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How You Can Help the Philippines In Haiyan’s Aftermath

How You Can Help the Philippines In Haiyan’s Aftermath

| On 13, Nov 2013

Super Typhoon Haiyan Philippines

A storm of unimaginable proportions hit the Philippines late last week. The path of destruction in the central part of the Asian country is unlike anything most people have seen in their lifetimes.

Typhoon Haiyan (or Yolanda) came ashore on November 8 packing winds of 199 mi/hr (320 km/hr). On Monday, the storm was designated as a Super Typhoon because of the sheer level of wind speed and chaos left in its path. As of Wednesday morning, at least 2,275 people were feared dead with nearly 2,500 injured, according to Philippines President Benigno Aquino III speaking to CNN. Early media reports said the number of dead could rise to 10,000, though that has been revised downward to 2,500 dead. Haiyan affected nearly 11 million people in total.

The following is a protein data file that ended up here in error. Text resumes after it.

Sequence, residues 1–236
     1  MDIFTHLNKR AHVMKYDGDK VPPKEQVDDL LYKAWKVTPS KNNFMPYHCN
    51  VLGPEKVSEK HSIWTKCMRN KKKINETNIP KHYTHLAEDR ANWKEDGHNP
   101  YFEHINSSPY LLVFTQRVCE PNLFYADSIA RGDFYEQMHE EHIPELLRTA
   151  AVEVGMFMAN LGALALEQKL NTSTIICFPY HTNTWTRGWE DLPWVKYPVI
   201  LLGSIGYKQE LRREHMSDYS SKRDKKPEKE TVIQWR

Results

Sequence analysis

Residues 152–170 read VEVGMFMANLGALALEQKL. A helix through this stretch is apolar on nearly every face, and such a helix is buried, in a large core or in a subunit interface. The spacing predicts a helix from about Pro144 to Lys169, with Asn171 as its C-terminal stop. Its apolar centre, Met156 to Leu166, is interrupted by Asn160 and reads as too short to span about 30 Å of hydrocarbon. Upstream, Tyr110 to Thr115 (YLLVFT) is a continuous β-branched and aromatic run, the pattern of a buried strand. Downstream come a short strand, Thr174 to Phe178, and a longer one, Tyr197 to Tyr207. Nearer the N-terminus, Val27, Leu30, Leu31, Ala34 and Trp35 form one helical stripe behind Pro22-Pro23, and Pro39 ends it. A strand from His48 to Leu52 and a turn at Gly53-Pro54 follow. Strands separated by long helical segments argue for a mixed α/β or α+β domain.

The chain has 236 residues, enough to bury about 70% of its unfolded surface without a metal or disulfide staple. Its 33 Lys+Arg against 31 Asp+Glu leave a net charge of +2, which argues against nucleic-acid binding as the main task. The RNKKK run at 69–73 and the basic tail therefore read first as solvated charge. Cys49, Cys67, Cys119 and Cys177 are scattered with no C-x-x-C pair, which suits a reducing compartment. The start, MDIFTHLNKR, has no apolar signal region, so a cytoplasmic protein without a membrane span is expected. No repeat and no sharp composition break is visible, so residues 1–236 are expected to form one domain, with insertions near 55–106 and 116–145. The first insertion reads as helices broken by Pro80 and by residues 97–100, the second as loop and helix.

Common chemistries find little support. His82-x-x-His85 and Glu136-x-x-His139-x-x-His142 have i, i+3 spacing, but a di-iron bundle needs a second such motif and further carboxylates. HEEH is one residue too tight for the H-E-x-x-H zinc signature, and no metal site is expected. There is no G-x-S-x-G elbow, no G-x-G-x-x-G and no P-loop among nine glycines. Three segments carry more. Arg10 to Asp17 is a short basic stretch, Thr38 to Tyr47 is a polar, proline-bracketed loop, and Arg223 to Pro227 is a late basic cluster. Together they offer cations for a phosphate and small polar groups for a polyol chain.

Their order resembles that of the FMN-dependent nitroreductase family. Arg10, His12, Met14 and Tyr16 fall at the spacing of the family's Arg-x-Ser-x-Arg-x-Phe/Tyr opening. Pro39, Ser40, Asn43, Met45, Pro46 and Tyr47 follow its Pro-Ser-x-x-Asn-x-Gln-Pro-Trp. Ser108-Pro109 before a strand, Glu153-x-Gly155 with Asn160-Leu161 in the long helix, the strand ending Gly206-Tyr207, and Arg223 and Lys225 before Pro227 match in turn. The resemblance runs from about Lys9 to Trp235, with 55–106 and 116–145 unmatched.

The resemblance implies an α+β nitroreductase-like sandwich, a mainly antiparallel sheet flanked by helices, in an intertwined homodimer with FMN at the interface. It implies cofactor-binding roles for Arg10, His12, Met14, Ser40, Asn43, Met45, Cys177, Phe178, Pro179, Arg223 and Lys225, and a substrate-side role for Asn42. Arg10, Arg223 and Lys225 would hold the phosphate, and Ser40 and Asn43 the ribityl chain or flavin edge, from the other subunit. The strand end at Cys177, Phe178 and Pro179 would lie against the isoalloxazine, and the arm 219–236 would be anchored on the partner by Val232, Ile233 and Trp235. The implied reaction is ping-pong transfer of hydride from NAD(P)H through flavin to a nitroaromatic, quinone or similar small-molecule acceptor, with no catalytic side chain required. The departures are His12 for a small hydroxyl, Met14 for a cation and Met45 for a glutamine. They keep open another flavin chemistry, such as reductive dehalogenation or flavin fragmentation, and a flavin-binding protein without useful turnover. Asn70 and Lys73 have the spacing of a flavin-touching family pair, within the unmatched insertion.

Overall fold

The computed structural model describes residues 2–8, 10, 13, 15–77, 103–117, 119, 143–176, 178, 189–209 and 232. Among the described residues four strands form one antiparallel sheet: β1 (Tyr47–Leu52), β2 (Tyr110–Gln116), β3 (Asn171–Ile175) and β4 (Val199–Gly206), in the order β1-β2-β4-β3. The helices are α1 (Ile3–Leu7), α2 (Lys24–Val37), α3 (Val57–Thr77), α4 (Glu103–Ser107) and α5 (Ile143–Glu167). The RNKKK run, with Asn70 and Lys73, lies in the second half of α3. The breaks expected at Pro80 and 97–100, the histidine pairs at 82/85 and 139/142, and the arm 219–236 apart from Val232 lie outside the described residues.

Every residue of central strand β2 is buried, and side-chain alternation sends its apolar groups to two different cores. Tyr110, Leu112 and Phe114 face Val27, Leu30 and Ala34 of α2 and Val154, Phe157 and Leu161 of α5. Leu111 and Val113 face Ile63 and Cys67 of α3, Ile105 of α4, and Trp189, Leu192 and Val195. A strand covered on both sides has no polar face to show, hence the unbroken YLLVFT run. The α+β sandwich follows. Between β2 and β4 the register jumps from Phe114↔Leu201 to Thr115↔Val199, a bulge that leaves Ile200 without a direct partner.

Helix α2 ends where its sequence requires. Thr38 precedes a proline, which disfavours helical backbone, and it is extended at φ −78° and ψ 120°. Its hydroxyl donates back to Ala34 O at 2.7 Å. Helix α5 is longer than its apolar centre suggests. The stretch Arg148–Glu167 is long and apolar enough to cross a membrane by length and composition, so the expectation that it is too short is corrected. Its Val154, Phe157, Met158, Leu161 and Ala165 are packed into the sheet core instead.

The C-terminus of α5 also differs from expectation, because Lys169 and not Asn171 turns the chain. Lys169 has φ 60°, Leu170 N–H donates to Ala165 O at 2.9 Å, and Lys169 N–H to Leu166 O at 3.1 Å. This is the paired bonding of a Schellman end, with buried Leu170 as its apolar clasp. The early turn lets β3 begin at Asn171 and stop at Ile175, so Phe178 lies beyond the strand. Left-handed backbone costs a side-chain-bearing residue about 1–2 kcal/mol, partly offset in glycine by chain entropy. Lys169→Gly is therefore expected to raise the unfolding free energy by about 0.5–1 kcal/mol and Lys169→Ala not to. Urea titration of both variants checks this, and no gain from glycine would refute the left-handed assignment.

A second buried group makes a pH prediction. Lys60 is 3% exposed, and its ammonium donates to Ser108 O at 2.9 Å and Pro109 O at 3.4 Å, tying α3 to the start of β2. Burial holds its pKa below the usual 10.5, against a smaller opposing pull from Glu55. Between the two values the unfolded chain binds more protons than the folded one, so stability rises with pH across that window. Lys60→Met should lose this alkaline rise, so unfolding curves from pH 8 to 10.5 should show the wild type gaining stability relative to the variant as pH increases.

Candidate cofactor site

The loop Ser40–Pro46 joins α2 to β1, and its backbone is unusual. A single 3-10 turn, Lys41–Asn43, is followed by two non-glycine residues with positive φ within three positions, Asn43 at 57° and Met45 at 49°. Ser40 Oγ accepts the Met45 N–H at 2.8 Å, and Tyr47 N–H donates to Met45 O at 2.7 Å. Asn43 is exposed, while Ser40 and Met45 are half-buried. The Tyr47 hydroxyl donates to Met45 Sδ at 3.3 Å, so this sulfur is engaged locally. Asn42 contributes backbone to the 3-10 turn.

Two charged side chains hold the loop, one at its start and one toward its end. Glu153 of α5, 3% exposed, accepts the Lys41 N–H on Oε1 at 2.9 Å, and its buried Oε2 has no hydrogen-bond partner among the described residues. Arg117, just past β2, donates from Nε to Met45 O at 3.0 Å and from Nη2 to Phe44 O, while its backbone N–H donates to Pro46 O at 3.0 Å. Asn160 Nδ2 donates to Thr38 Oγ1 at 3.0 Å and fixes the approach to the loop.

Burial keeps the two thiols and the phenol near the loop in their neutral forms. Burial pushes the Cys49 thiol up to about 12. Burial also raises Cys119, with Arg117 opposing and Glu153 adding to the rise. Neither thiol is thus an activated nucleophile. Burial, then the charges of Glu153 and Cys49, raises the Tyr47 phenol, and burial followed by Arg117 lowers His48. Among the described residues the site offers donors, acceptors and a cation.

Typhoons are south Asia’s version of hurricanes. Same storms, just different names. In the northern Pacific they are referred to as cyclones. In the western hemisphere, the storms are called hurricanes.

Meteorologists believe that Typhoon Haiyan was one of the worst storms ever to make landfall on the planet.

Despite the shocking statistics, survivors left on the ground have been dealing with scarce, if any, food supplies and water. International aid agencies have promised help, as well as the governments of many foreign countries. The United States has the USS George Washington, a military aircraft carrier, en route to the affected area as of Tuesday afternoon.

The United Nations made a call for $301 million in aid to go toward relief efforts after the storm. They have already dispersed $25 million in immediate funding to help with relief efforts in the area.




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